Gender differences in STEM

When I was asked by the lovely folk at the Science Council to write an article, I read down the list of suggested topics and saw “Gender Differences in STEM*” and I immediately harrumphed, got grumpy and decided not to write about it because there aren’t any and why on earth do people have to keep on harping on about it. Why can people not just accept me as an engineer, why do I have to specifically be thought of as a female engineer, and thus have gender differences?! The more I grumped about it though, the more internal muttering there was, the more I realised that someone needed to write about the fact that there don’t need to be, and often aren’t, gender differences in STEM.

As I sit here writing this, I can look around the open plan engineering office and see 24 engineers and draftsmen. Only 2 of us are female. As the stats go, this isn’t actually bad odds for our industry as women represent just 6.9% of the engineering workforce in the UK. Admittedly though, engineering is one of the ‘worst offenders’ in terms of female representation in STEM occupations with women in science reaching the giddy heights of 39.4%. The fact that we’re only here in small numbers doesn’t negate the fact that we’re here though, and that the barriers to us being here are mainly in our own minds & society’s perception. The belief that STEM, and engineering in particular, are alike Yorkies: Not For Girls, is just not true.

What is sadly true is that in my short career I have faced some sexism, but it’s vanishing, it really is. The other sad truth is the low retention rate of new mothers. I think this is where the main difference lies – that women often do not feel that their workplaces will support them in family friendly working patterns, but perhaps the saddest thing about this is that actually there is no gender difference in the work place’s treatment of staff so it’s just that new fathers are not spending as much time with their children as they would maybe like, because of their employers. Even this though, the family ‘unfriendly’ working practises, and poor maternity leave consideration is improving, which you can read about here. All of which, is bringing more STEM related companies into the Times Top 50 Employers for Women.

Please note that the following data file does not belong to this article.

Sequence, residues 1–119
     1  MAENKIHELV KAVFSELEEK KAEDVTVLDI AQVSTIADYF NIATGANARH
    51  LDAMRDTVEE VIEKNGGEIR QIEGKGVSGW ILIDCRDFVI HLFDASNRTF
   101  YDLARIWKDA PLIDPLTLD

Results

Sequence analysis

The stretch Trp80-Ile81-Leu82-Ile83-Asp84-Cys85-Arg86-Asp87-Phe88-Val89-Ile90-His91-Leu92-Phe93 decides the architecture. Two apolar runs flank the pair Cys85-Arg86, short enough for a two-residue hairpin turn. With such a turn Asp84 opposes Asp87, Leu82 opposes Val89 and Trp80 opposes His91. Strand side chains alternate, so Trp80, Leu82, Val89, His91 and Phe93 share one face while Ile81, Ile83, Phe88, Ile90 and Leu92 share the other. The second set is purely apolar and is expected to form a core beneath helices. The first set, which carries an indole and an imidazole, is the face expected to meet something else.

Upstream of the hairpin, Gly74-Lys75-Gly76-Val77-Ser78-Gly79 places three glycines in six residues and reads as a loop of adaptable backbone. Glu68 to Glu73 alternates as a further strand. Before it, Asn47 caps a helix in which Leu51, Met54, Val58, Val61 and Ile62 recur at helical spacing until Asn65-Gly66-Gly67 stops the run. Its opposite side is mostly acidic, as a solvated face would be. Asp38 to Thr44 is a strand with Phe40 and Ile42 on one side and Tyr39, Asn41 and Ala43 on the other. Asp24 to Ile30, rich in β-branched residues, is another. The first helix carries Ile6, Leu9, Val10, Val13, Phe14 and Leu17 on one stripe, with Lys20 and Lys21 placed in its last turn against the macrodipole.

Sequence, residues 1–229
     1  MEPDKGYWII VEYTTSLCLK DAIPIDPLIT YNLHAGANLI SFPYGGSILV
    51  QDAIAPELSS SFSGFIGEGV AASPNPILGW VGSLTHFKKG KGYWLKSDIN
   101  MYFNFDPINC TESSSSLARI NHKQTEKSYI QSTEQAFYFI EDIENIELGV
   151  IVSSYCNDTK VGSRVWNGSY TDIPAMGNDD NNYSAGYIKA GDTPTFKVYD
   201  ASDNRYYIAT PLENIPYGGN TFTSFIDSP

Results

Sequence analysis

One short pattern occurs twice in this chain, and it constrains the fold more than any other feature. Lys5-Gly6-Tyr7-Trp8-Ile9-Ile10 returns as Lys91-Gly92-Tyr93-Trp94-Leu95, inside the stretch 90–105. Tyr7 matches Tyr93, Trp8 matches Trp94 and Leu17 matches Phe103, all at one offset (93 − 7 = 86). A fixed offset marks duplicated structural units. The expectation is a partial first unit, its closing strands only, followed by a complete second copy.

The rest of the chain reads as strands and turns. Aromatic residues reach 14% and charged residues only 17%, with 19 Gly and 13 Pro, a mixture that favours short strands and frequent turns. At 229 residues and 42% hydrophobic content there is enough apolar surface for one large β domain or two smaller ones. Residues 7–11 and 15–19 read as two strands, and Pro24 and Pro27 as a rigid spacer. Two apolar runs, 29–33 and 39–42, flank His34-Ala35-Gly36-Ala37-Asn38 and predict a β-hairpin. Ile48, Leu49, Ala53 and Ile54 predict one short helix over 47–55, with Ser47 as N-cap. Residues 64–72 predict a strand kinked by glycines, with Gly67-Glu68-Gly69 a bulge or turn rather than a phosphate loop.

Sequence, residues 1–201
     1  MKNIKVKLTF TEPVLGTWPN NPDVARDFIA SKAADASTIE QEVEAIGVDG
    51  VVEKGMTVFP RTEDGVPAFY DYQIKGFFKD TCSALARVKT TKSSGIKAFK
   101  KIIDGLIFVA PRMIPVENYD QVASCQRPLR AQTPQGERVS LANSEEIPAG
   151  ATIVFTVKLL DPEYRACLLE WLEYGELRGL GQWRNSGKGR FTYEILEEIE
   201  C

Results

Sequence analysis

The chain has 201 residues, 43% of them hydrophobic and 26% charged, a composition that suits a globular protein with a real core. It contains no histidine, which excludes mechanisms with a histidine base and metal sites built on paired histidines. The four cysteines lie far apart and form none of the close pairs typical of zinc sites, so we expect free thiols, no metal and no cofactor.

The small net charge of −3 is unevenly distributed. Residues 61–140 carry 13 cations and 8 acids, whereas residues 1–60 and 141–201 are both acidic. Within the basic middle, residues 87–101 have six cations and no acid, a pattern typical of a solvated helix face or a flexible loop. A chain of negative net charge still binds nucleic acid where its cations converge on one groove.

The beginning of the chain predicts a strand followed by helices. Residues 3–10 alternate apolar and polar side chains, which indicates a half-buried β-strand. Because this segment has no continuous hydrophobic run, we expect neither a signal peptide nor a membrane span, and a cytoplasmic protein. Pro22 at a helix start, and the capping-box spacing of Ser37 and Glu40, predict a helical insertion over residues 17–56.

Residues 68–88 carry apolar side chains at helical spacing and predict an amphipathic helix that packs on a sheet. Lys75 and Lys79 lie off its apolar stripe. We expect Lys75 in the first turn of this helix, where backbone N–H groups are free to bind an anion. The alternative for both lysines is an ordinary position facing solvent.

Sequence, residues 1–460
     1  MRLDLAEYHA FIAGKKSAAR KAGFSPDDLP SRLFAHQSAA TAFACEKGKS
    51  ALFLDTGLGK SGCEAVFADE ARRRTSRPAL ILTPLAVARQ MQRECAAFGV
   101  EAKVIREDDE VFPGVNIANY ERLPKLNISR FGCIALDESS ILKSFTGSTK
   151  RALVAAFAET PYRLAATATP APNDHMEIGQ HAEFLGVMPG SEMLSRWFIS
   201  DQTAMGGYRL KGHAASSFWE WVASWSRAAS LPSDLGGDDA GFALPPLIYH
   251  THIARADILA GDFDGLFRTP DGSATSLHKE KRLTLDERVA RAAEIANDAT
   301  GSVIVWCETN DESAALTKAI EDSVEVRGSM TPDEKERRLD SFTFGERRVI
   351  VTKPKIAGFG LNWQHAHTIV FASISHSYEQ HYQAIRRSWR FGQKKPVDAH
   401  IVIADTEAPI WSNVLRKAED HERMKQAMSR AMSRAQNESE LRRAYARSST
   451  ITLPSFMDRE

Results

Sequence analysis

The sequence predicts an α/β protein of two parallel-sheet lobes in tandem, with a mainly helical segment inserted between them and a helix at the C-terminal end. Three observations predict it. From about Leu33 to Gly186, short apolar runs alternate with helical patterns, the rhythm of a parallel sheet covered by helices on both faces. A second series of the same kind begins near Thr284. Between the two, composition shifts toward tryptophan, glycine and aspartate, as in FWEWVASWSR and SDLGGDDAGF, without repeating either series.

But I didn’t want to write about the few negatives there still are. I wanted to write about how I can wear fabulous shoes  and matching nail varnish in the office & be a proper girly girl, and still go out on site the next day wrapped up in high-vis & safety boots, with my hair under a hard hat, that you couldn’t tell I was female anyway! I want to make it known that my gender doesn’t make a difference to my engineering capability and nor does my outfit. To be entirely honest, the only remaining gender differences left in STEM careers are the ones we make by our conspicuous absence. If you want to be a scientist or an engineer then your gender, ethnicity & background will only really matter to you, everyone else just wants to know you can do the sums.

* [STEM meaning Science, Technology, Engineering & Mathematics]


This blog post was written by Chloe Agg.

If you are female and considering a career in science then you may want to have a look at this website from the EU Commission, which includes profiles of women in science as well as six reasons why science needs you.